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KANSAS CITY, Kan. (AP) — It will be hard to miss the future of Joe Gibbs Racing this weekend.
Start off with Friday night's Truck Series race at Kansas Speedway, where Daniel Suarez and Erik Jones will be taking the green flag. Both youngsters are driving for Kyle Busch Motorsports, but they also drive in the Xfinity Series for Joe Gibbs.
Then Saturday night, the 18-year-old Jones will climb into the No. 18 car and make his Sprint Cup debut in place of Kyle Busch, who is still recovering from his February wreck.
Talk about some heady stuff for a couple of college-aged kids.
"It's crazy how young they are," said 38-year-old Matt Crafton, who leads the Truck Series standings. "When I was 18, 19 years old, thinking about what I was doing — I wanted to be here at some point, but I wasn't thinking about being at this level that quick. It's amazing."
Suarez and Jones have taken far different roads to arrive in the same spotlight.
For the 23-year-old Suarez, it was growing up in Monterrey, Mexico, where most kids spend their time playing soccer. He was 11 when he started racing karts, and his talent was evident so quickly that he soon graduated to NASCAR's series in Mexico. Then it was on to some of the minor league circuits in the U.S. before catching on with Busch's team in the Truck Series.
Now, the dashing young man who picked up English using Rosetta Stone and from the boys in the garage is running in some of NASCAR's top series for some of its strongest teams.
"I don't feel pressure," he said, when asked about the attention that he's getting these days. "I felt pressure when I was 16 years old and I was looking for sponsors, and I needed a sponsor to keep racing. We don't have that problem now."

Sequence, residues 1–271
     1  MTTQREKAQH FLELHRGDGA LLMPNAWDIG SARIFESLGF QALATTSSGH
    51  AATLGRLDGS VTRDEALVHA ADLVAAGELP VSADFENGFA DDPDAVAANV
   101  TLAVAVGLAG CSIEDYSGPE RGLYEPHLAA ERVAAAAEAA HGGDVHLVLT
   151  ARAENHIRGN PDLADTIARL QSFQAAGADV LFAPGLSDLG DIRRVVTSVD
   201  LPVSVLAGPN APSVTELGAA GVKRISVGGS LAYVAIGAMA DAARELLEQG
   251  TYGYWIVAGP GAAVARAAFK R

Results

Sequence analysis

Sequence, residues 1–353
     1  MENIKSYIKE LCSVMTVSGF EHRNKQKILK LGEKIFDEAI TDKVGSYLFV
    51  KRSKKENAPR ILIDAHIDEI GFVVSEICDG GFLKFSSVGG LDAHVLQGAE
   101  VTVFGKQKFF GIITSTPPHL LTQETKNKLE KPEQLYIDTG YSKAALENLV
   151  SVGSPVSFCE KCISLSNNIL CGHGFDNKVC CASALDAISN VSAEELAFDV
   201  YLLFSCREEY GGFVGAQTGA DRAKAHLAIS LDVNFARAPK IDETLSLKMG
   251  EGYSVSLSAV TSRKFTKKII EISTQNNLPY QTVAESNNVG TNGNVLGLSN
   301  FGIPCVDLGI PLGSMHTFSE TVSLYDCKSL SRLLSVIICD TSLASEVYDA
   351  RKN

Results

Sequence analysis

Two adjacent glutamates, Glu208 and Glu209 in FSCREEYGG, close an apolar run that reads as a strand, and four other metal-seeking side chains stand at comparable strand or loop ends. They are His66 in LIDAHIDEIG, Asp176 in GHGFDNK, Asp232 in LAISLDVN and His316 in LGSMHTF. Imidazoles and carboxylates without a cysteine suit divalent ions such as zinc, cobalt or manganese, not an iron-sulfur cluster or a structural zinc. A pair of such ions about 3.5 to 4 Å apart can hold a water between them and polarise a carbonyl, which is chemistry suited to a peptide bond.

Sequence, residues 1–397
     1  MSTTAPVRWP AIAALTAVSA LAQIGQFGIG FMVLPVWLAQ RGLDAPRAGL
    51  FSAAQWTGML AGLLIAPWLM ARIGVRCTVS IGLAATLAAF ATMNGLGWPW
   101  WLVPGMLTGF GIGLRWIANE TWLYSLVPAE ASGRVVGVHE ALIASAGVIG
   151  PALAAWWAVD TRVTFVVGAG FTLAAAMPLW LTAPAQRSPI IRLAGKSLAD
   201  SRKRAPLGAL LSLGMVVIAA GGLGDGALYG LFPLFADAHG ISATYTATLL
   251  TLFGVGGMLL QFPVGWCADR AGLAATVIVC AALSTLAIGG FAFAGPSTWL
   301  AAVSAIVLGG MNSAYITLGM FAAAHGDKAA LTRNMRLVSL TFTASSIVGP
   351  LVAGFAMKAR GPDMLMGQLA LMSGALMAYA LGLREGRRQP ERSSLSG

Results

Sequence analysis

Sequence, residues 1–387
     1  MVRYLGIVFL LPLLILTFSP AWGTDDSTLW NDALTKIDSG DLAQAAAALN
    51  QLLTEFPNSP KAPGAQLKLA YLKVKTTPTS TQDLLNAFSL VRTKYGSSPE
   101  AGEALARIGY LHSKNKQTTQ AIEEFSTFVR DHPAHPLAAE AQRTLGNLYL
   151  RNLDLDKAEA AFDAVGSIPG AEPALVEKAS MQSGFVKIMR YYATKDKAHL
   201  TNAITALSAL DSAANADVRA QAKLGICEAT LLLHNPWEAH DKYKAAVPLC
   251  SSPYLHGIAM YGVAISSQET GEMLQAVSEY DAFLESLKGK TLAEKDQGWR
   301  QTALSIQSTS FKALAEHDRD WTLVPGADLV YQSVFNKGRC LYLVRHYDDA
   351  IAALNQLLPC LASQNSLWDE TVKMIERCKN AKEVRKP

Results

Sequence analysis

The biggest problem Suarez has right now is getting to the front.
He nearly did that in his Xfinity car a few weeks ago at Bristol, where he finished second to Joey Logano. Jones finished fourth in the same race.
Suarez also led five laps in the season-opening Trucks race at Daytona, led again before finishing fourth at Atlanta and was ninth in the race at Martinsville.
All that time running up front is starting to make Suarez a household name in Mexico, where motorsports is a big thing but NASCAR is only now beginning to make major inroads.
"I hope those people can come here to see us and take a chance to see what we're doing right now, because I really feel lucky to be racing on this level," he said. "Not just that, but you're racing with a great organization, and as well to represent my country. But at the end of the day, all we want to do is try to learn and be competitive."
Those happen to be the same goals that Jones is bringing to Kansas Speedway.
After racing in quarter midgets, he climbed into his first stock car at 13, and by 2012 he was a regular in the ARCA Series, driving on many of the same tracks used by NASCAR. That winter, he held off Busch — his future boss — to win the Snowball Derby, a late model race held every year in Florida that annually attracts some of the nation's best drivers.
Jones signed with Kyle Busch Motorsports the following spring, and got a taste of the Truck Series that summer. And by last year, he was so busy with the series that he received his diploma from Swartz Creek High School at Texas Motor Speedway before one of his races.
"That's a pretty fast progression, the way it's worked out," Jones said. "To have those opportunities at a young age is cool for anybody. I guess I hoped at some point I'd get my chance in the Cup Series, too, but I didn't know it would come at 18."
That's precisely what happened when Jones relieved another Joe Gibbs Racing driver, Denny Hamlin, a few weeks ago at Bristol. But he'll make his official debut on Saturday night, when he steps into Busch's familiar M&M's car for the Sprint Cup race.
"I'm confident the car will be pretty good," he said, "but I want to make sure I'm confident in myself getting around this place in a Cup car. Getting laps would be a big deal for me."
There's no guarantee of that happening. Rain is in the forecast all weekend, which means Jones may not have any chance to practice before the green flag.
Jones still plans to make the most of the opportunity, especially since it could be a one-shot deal. Busch is trying to get back for the next race at Charlotte.
"You know, there's times where your mind wanders, and wonders about the future," Jones said, "but I'm pretty focused on this weekend. It's a big weekend for me."
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